Many cases have been reported in the past few years due to the increased awareness of this condition, which appears to be more common than it was previously thought (5, 6, 7). The condition has been classified as primary and secondary based on whether it is idiopathic or has a definite cause.
Primary or idiopathic cocoon occurs in young girls, especially those from tropical and subtropical areas, presenting with small-bowel obstruction and a palpable abdominal mass without any obvious cause. Because of the peculiar age and sex distribution of the disease, it was postulated that the condition is due to retrograde menstruation with subclinical, viral peritonitis resulting in the development of an encapsulating membrane on the intestine (8).
Secondary abdominal cocoon may occur as a serious complication of CAPD (5). The prevalence of abdominal cocoon in patients undergoing CAPD ranges from 0.5% to 2.8% (9, 10). Holland reported sclerosing peritonitis in patients on chronic ambulatory peritoneal dialysis. Dialysate solutions and bacterial peritonitis have been reported as etiological factors. But neither of these hypotheses has been proven (11).
Some drugs, especially the betaadrenergic blocker ‘practolol’ have been suggested as a possible cause of secondary abdominal cocoon, because it may lead to enhanced collagen production and subsequent fibrosis (12, 13, 14). Abdominal cocoon has also been described in association with sarcoidosis, systemic lupus erythematosus, indwelling abdominal catheters (specifically Le-Veen shunts), orthotopic liver transplantation, and tuberculous pelvic inflammatory disease (2, 4, 15).
The clinical diagnosis of abdominal cocoon requires a high index of suspicion because of the non-specific clinical picture, non-contributory imaging findings (16) and the fact that there are only few reports in the literature on its radiologic imaging findings (17).Clinicians must rigorously pursue a preoperative diagnosis, as it may prevent a “surprise” upon laparotomy and result in proper management (18).
In the cases of abdominal cocoon described in the literature to date, the diagnosis was made either during surgery for unrelated reasons (in asymptomatic patients) or at exploratory laparotomy (in patients who presented with bowel obstruction (16).
The four main clinical features that help identify abdominal cocoon preoperatively as suggested by Yip include intestinal obstruction presenting with abdominal pain and vomiting, but rarely all four cardinal symptoms (intestinal obstruction occurring in a relatively young girl, without an obvious cause, a history of similar episodes that resolved spontaneously, and the presence of a non-tender soft mass on abdominal palpation) are found (19).
Features of recurrent acute or chronic small-bowel obstruction result from kinking and/or compression of the intestines within the constricting cocoon (1, 20, 21). The abdominal mass may result from an encapsulated cluster of dilated small-bowel loops. Progression of bowel obstruction to bowel ischemia and gangrene may result from severe kinking or compression.
The characteristic radiological findings of sclerosing encapsulating peritonitis have been sparsely described (22).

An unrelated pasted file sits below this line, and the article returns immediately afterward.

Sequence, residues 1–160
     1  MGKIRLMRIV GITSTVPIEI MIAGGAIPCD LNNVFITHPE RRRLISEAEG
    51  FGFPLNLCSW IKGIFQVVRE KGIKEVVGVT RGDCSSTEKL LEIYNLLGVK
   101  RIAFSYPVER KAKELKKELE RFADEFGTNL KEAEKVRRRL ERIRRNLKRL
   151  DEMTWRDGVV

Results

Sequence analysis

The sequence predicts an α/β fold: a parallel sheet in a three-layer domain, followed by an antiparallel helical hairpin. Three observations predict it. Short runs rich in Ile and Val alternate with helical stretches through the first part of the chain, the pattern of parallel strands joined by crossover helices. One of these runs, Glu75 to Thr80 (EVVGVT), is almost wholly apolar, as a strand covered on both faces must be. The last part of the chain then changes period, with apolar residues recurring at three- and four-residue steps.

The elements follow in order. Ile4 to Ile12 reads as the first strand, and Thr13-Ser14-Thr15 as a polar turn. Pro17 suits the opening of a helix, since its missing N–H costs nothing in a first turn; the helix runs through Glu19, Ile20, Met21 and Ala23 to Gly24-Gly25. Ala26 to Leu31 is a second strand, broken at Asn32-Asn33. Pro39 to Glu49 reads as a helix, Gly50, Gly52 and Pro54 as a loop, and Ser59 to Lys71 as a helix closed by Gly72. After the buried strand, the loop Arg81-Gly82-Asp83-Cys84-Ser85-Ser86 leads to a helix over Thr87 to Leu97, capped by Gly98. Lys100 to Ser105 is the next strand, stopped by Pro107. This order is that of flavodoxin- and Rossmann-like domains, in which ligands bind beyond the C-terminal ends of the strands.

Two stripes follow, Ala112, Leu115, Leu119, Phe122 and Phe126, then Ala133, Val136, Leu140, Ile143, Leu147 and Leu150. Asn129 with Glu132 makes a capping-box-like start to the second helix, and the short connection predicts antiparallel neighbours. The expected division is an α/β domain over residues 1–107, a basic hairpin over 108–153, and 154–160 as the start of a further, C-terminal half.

Plain x-rays may show dilated loops of small bowel at the centre of the abdomen. Abdominal ultrasound may show clumping of bowel loops with the bowel surrounded by a thick rim of hypo-echoic tissue. Tethering of the bowel posteriorly or the presence of a membrane anterior to the small bowel may be seen (23).
The classic barium study findings are a serpentine or concertina-like configuration of dilated small-bowel loops in a fixed U-shaped cluster. Some authors have described a cauliflower-like appearance on barium study (24, 25).
Compared with other imaging techniques, CT gives a more complete picture of this entity as well as of any associated complications, and may also help to exclude other causes of intestinal obstruction (26).
The typical finding of abdominal cocoon on CT is a concentration of the whole smalll-bowel to the centre of the abdomen encased by a soft-tissue-density mantle (27). Other CT features of abdominal cocoon include signs of obstruction, agglutination and fixation of intestinal loops, mural thickening, ascites and localized fluid collections, peritoneal thickening and enhancement, peritoneal or mural calcifications, and reactive adenopathy (28). Peritoneal encapsulation is a separate entity, which may be confused with abdominal cocoon. It may have a similar appearance to abdominal cocoon on radiologic studies. Peritoneal encapsulation is a congenital condition in which all or part of the small bowel is encased by an accessory peritoneal membrane. Usually, this is asymptomatic, but has been reported to cause bowel obstruction in a few cases. Pathologically, the encasing membrane is normal peritoneum rather than the thick fibrous-collagenous tissue seen in abdominal cocoon (31, 32) which probably derives from plasma exudation from the peritoneal microvasculature (31).
The typical finding at surgery is a conglomeration of small-bowel loops encased in a dense white membrane (32, 33). Treatment consists of excision of the accessory peritoneal sac with lysis of the inter-loop adhesions. Bowel resection is unnecessary (32, 3), unless a non-viable segment is found (33, 34).